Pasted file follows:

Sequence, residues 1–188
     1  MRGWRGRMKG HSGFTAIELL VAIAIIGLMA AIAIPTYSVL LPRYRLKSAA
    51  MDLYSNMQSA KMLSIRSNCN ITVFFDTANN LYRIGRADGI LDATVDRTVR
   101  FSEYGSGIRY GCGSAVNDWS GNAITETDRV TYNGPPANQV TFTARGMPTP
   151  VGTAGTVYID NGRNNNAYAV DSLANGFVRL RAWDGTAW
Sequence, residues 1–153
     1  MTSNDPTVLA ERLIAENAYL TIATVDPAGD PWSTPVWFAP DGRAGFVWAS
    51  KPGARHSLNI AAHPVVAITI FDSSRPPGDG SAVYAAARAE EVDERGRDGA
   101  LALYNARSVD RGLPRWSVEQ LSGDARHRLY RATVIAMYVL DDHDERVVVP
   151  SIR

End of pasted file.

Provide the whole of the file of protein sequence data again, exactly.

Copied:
Sequence, residues 1–188
     1  MRGWRGRMKG HSGFTAIELL VAIAIIGLMA AIAIPTYSVL LPRYRLKSAA
    51  MDLYSNMQSA KMLSIRSNCN ITVFFDTANN LYRIGRADGI LDATVDRTVR
   101  FSEYGSGIRY GCGSAVNDWS GNAITETDRV TYNGPPANQV TFTARGMPTP
   151  VGTAGTVYID NGRNNNAYAV DSLANGFVRL RAWDGTAW
Sequence, residues 1–153
     1  MTSNDPTVLA ERLIAENAYL TIATVDPAGD PWSTPVWFAP DGRAGFVWAS
    51  KPGARHSLNI AAHPVVAITI FDSSRPPGDG SAVYAAARAE EVDERGRDGA
   101  LALYNARSVD RGLPRWSVEQ LSGDARHRLY RATVIAMYVL DDHDERVVVP
   151  SIR